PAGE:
“He was an authoritarian, ruthless, power hungry, nervous, tense, angry [...] not very nice,” Dr. Elliot Emmanuel, one of Cameron’s former colleagues, said of the doctor in a 1980 interview with CBC.

Whether or not Cameron believed that his physically and psychologically devastating treatments were helping to cure his patients’ mental illnesses is up for debate, but the unethical nature of his treatment methods is apparent.

The role of ethics in research

Standards for ethical research during the 1950s and 60s were not nearly as stringent as they are today. Regulations for experimentation on human subjects nowadays are strict, and require adherence to a very specific set of rules.

“The consent process has to be submitted for review by the Ethics Boards and this is usually done through a consent form,” said Ilde Lepore, Ethics Officer for the Faculty of Medicine at McGill. “The consent form must contain all the elements so that the participant is clear on what they are being asked to do, that they are made aware of any possible risks involved, and that they are informed as to how their confidentiality will be maintained and how their information will be used.”

Although the norms of experimentation and research were different during the time that Cameron was undertaking these treatments, there is evidence that he was aware of the immoral nature of his actions.

Cameron attended the Nuremberg Trials following WWII, which tried German doctors for war crimes committed in concentration camps. Many of the accusations put forward at the trials involved allegations of unethical research on unconsenting subjects within the camps. Cameron was therefore well acquainted the necessity of informed consent in experimentation and research on human subjects. He actively denounced the atrocities committed by the German doctors during the war, and supported the Nuremberg Code, which laid out specific rules about what was legal when conducting human experiments.

Since then, even more standards have been put in place governing research on human subjects.

“The Belmont Report outlined the basic principles for ethics review for the Ethics Boards:   Respect for persons, beneficence, and justice.  All of the research guidelines and regulations today are founded on these three principles,” said Lepore.

Compassionate compensation

It was not until the 1980s that Cameron’s patients began to come forward, stating that they had been subjected to extreme and unusual forms of psychotherapy, including the processes that Cameron described as depatterning and psychic driving.

All of the patients who were alleged victims of Cameron’s practices reported devastating mental and physical results for years to come. Many recounted extreme memory loss, feelings of isolation, anxiety, and no improvement of their initial conditions.

Several patients filed lawsuits against the Canadian government to receive compensation for the harms that were inflicted by the procedures.  The Canadian government was initially reluctant to provide settlements for Cameron’s patients, rejecting several appeals for compensation by victims. Following settlements by the US, as well as impetus by the public to acknowledge the harms done,  the Canadian government finally agreed to provide compensation on compassionate and humanitarian grounds beginning in the late 1980s. When settlements were at last accorded, the government did not acknowledge legal responsibility for the experiments, even though reports state that the Canadian government also funded part of Cameron’s work.  In the end, Cameron’s patients were given the right to $100,000 in restitution as part of the Allan Memorial Institute Depatterned Persons Assistance Plan.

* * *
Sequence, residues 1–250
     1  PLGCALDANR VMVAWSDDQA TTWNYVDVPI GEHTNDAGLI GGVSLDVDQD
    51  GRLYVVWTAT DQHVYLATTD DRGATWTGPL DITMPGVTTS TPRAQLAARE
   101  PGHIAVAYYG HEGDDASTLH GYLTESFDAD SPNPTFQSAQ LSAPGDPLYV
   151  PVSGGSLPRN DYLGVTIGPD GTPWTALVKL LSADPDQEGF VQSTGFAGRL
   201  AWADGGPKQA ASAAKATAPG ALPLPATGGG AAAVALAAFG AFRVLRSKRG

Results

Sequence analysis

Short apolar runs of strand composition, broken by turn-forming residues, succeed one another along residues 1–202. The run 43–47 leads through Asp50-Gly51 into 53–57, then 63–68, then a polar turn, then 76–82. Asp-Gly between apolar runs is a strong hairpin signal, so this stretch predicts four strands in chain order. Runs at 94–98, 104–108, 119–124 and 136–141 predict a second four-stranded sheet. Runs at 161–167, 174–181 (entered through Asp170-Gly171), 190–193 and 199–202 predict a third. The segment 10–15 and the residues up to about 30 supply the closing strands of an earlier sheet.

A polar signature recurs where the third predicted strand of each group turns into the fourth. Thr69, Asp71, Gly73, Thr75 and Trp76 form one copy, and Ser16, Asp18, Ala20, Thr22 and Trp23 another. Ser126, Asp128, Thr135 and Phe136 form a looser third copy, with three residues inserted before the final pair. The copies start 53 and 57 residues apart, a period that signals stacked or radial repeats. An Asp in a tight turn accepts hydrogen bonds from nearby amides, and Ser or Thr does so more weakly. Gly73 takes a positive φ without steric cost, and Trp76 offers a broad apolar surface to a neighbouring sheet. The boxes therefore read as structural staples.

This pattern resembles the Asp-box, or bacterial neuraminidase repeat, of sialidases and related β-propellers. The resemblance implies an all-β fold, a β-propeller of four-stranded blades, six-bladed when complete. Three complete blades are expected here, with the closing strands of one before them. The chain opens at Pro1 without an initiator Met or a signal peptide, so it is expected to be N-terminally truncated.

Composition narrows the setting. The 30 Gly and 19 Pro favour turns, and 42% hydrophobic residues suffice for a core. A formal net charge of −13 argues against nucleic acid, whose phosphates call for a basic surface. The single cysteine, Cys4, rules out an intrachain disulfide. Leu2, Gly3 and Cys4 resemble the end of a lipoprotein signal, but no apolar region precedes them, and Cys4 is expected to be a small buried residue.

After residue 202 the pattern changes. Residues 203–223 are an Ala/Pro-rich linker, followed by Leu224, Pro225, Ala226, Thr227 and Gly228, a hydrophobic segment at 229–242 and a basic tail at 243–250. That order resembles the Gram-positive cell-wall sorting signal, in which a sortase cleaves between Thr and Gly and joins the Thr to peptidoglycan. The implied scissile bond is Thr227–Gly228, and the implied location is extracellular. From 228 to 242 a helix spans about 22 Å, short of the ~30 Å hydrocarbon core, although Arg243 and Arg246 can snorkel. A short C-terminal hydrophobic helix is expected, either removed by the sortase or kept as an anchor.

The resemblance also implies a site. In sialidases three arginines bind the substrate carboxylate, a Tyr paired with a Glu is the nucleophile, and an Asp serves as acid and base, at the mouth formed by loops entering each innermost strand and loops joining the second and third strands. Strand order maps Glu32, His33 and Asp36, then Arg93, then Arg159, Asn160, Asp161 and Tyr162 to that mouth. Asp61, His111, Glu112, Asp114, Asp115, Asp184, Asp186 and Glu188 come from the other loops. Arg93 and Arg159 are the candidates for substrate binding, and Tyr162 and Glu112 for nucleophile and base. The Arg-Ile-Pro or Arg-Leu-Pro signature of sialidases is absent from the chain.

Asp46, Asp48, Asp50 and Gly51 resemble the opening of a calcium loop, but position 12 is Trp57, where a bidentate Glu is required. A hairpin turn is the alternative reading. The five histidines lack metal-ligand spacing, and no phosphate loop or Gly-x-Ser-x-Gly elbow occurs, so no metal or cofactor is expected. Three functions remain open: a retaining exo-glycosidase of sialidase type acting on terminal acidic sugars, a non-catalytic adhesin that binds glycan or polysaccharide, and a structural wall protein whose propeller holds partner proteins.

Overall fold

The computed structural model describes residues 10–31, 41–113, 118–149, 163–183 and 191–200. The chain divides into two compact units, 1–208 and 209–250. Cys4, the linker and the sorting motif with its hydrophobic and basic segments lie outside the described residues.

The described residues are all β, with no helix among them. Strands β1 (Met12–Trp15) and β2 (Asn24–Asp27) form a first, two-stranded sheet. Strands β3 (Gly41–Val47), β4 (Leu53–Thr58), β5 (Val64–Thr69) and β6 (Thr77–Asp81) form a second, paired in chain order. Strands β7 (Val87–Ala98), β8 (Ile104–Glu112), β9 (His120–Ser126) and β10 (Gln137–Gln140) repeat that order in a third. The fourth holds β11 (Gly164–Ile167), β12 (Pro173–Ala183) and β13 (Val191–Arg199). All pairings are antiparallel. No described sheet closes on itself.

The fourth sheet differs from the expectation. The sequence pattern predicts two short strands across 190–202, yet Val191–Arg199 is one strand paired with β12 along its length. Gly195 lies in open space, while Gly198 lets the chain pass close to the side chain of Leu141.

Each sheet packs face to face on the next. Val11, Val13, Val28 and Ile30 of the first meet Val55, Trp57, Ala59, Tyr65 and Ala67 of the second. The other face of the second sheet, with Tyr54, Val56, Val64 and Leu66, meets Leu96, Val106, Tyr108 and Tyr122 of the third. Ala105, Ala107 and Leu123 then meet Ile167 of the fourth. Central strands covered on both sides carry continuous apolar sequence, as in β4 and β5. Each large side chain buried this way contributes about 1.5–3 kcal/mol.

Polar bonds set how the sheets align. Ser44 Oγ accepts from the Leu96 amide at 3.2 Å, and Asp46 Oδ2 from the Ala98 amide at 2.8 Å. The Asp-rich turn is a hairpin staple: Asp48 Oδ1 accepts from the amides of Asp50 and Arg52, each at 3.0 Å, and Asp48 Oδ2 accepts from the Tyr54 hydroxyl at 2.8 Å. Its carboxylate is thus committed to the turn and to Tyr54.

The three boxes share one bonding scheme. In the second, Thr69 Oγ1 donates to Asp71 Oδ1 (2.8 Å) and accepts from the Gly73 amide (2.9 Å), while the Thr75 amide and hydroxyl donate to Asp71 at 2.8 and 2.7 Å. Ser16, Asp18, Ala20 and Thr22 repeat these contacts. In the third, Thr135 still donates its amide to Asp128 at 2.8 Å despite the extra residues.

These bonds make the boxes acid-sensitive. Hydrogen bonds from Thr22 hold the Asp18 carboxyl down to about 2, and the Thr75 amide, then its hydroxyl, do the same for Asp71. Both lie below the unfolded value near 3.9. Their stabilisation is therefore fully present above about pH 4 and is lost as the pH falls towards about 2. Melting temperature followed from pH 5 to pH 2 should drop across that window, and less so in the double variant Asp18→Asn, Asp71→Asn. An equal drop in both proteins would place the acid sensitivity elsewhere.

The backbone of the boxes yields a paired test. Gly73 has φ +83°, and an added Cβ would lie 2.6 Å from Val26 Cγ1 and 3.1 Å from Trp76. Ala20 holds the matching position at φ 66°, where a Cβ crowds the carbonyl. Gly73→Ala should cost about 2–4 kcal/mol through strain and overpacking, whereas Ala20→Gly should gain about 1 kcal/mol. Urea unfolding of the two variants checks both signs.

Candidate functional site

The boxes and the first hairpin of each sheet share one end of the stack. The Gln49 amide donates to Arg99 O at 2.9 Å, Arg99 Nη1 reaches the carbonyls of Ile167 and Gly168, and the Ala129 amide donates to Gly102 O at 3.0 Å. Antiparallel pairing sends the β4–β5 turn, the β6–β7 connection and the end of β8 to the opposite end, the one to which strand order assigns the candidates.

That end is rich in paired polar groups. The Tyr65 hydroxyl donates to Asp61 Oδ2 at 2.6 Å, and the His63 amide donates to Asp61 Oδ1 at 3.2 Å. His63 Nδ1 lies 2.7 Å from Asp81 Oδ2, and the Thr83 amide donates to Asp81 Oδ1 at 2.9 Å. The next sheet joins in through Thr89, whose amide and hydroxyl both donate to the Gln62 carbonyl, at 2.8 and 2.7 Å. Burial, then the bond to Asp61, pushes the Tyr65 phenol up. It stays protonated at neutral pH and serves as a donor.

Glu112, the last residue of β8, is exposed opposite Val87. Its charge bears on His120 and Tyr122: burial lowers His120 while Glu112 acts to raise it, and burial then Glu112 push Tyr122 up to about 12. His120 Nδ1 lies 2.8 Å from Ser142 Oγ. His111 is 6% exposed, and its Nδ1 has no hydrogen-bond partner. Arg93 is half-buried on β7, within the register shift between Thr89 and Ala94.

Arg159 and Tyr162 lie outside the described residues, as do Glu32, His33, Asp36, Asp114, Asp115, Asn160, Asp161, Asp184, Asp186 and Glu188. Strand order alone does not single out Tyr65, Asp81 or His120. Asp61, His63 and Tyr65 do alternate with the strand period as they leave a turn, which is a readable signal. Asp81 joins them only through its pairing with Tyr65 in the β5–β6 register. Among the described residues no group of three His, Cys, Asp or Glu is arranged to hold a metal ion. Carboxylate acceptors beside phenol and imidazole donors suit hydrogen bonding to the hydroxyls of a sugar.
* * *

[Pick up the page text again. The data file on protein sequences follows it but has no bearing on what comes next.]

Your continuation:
The lawsuits were an important victory in the public acknowledgement of the personal damages that resulted from the experimentation of Project MK ULTRA; however, the incident was largely swept under the rug, without being thoroughly recognized by the Canadian government or by McGill.

Looking forward and looking back

Senators at the joint hearing on Project MK ULTRA in 1977 discussed the role of universities in housing the research for the project, and what implications this would have on their reputations and those of the researchers involved.

There was some disagreement over whether the CIA should inform the universities implicated in the project. However, they concluded that scientists who had unwittingly taken part in MK ULTRA research should be informed of this fact. With regards to the universities, the senators from the 1977 hearing decided that presidents of all the universities involved should be notified of their involvement in the project in order to take the appropriate steps to adapt research procedures and ensure that such events did not recur in the future.

“The importance of preserving the independence of our research areas and the communities seems to me to be a very fundamental kind of question about the protection of the integrity of our universities,” Senator Edward Kennedy said at the hearing.

The committee concluded that the information incriminating the universities would be widely circulated in the media, and that the universities should be given the adequate information to know the truth about what was being reported.

There was also concern about how this information would affect the reputations of the universities. Senators and ex-members of the CIA disagreed on whether or not presidents of the implicated universities should be prompted to publicly disclose the truth regarding their involvement in the project.

“Just because [...] a university is going to be embarrassed is not a reason to classify information,” Kennedy said at the time. “I would certainly hope that [the universities] would feel that they could make a public statement on it.”

The committee present at the hearing ultimately decided that the presidents of all of the universities involved should be informed, and that it would then be up to them to disclose the information to the public or not.

“We can devise a way of notifying these institutions on a private basis so that they can make their own decision whether their equities are best served by their announcing it publicly or their attempting to maintain it [private],” Admiral Stansfield Turner of the CIA said at the hearing.

Unsurprisingly, university presidents have not been eager to disclose or discuss this information publicly, as it represents dark and troubling parts of their institutions’ histories. McGill’s archives provide no mention of Cameron’s involvement in Project MK ULTRA, instead focusing simply on his “high reputation in the psychiatric field.”

There are bleak aspects of McGill’s history. Abuses of power, combined with changing social contexts and ethical standards, have grown over time into nightmarish stories of our university’s past. Only by acknowledging and discussing past wrongdoings will we be able to reconcile and learn from these mistakes.